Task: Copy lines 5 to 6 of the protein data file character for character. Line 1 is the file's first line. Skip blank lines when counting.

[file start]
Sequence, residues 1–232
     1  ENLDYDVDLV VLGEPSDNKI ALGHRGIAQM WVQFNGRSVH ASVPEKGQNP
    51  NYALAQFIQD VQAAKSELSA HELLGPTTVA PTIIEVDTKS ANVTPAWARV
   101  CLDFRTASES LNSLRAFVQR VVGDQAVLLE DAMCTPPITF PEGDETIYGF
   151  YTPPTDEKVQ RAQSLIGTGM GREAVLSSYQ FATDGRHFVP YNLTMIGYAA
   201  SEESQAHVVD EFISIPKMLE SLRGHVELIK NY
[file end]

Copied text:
   151  YTPPTDEKVQ RAQSLIGTGM GREAVLSSYQ FATDGRHFVP YNLTMIGYAA
   201  SEESQAHVVD EFISIPKMLE SLRGHVELIK NY